Musical Myths and Legends

Christopher Wilkins [Photo courtesy of Akron Symphony]

This story by Mike Telin was first published February 6, 2017 on clevelandclassical.com.  Used by permission. 


“The greatest music in The Firebird exists between what we hear in the suites,” Akron Symphony Music Director Christopher Wilkins said of Igor Stravinsky’s complete ballet score. “The horn is Prince Ivan, and during the solo horn passages in the full ballet you can hear him speaking. You can hear his dialogue with the princess and the little interjections from the Firebird who is swirling overhead.”

On Friday, February 10 at 8:00 pm, music inspired by myths and legends will take center stage at E.J. Thomas Hall when Christopher Wilkins leads the Akron Symphony Orchestra in a performance of Stravinsky’s groundbreaking ballet The Firebird.

The program will also include Carl Maria von Weber’s “Overture” to Der Freischütz — based on the German folk legend of the “free shooter” who has a contract with the devil — and the Suite No. 2 from Maurice Ravel’s Daphnis and Chloé, which recounts the love between a goat herder and a shepherdess.

Based on a Russian fairy tale (read the story here), The Firebird is about an otherworldly spirit whose magical feathers provide protection to Prince Ivan as he rescues a princess from the evil sorcerer Kastchei. Written for Sergei Diaghilev’s Ballets Russes, the work was premiered in June of 1910 and was an immediate success with audiences and critics. Not only did the ballet serve as the 28-year-old composer’s breakthrough work, it was also the first of many collaborations between Stravinsky and Diaghilev, which would include Petrushka (1911) and The Rite of Spring (1913).

“I feel all three of these ballets are extraordinary documents of time and place,” Wilkins said during a recent telephone conversation. “They were about creating spectacle on a scale that audiences had never encountered before. That includes Michel Fokin’s and later Nijinsky’s choreography, as well as the sets and the costumes. Musically, Sergei Diaghilev was interested in astonishment. The original Firebird is lavish, but I don’t think any of it is wasteful. Every note of it matters.”

Compared to the three suites that were later arranged by the composer, Wilkins said that the original score is more dramatic. “The complete ballet is all about the extravagance of color. The offstage effects with the Wagner tubas and trumpets that are associated with the evil sorcerer Kastchei’s castle are not in the suites. Not only is a lot of the great music lost, so is a strong connection to the myth of the Firebird.”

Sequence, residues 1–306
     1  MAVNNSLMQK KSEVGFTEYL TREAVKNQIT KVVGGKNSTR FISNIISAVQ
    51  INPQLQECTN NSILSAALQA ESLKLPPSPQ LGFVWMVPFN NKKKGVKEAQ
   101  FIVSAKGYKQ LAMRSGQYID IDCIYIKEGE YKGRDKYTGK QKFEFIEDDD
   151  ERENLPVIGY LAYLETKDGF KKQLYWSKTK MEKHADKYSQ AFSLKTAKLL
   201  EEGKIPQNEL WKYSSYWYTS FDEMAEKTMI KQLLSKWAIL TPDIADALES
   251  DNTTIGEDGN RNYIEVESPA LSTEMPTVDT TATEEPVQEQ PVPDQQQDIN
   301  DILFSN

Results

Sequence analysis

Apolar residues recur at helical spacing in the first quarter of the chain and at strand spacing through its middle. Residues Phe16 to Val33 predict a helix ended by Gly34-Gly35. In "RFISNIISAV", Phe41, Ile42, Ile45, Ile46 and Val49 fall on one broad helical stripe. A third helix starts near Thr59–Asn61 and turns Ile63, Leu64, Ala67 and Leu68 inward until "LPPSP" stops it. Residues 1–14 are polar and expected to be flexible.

Wilkins said that Friday’s performance will focus on that myth. “There will be supertitles over the orchestra so people can follow the story. But Stravinsky’s music is extremely visual music, so it is easy to understand what’s going on.”

In conjunction with the concert, the ASO has created a community engagement project in collaboration with Alchemy. The Akron-based organization assists in the development of urban adolescent males through mentoring, as well as the study and analysis of myths told to the beat of an African drum. The students, who are currently studying the the Firebird myth and Stravinsky’s  score, will share their personal reactions to the story and the music prior to the performance of the work.

“Dr. Kwame Scruggs, who founded Alchemy over twenty years ago, is one of our nation’s foremost teachers of myth,” Wilkins noted. “I’ve attended all of the sessions that have been part of this project, and it’s been very interesting for me to look at this myth closely.”

Although Wilkins has known the story for some time, having the opportunity to see it through the eyes of Scruggs and the students made him realize there was a great deal in it that he had missed — for example, his idea that Ivan represents Everyman, who is behaving out of fear. “And when he lets the Firebird go and is given a magic feather, you can see the idea that no good deed goes unrewarded.”

Another aspect of the story that the students have discussed is that Ivan begins his journey in the deepest, darkest part of the forest. “Dr. Scruggs asked us why journeys typically begin in places like that,” Wilkins recalled. “Two things struck me about our discussion. One, as the American mythologist Joseph Campbell said, is that it’s the part of the forest no one has previously explored — meaning that you have to choose your own path. And when you do that, you are in undiscovered terrain. Two, the dark forest is a frightful place to be, and myths often begin there because they are lessons about understanding and working through fear.”

During a typical Alchemy session, a leader will recount a myth while accompanying himself on a drum as participants listen, discuss, and journal aspects of the myth that are important to them. However, when introducing the Firebird legend, Wilkins played a recording of Stravinsky’s score while the story was told. Additionally, ASO musicians have taken part by discussing the role of their instruments in the piece. This week the students will be seated among the orchestra during rehearsals.

Wilkins said that the students’ initial reactions to the music was extremely positive. “Firebird has one foot in Russian romanticism and another in the progressive trends of the early twentieth century. Typically, Stravinsky uses folk music and traditional, tonal-sounding music for the human world of Ivan and the princess, and polytonality and modern techniques for the more magical world of the Firebird and Kastchei. That’s been something the students have been able to grasp very readily.” 

 

 

 

 

 

 

 

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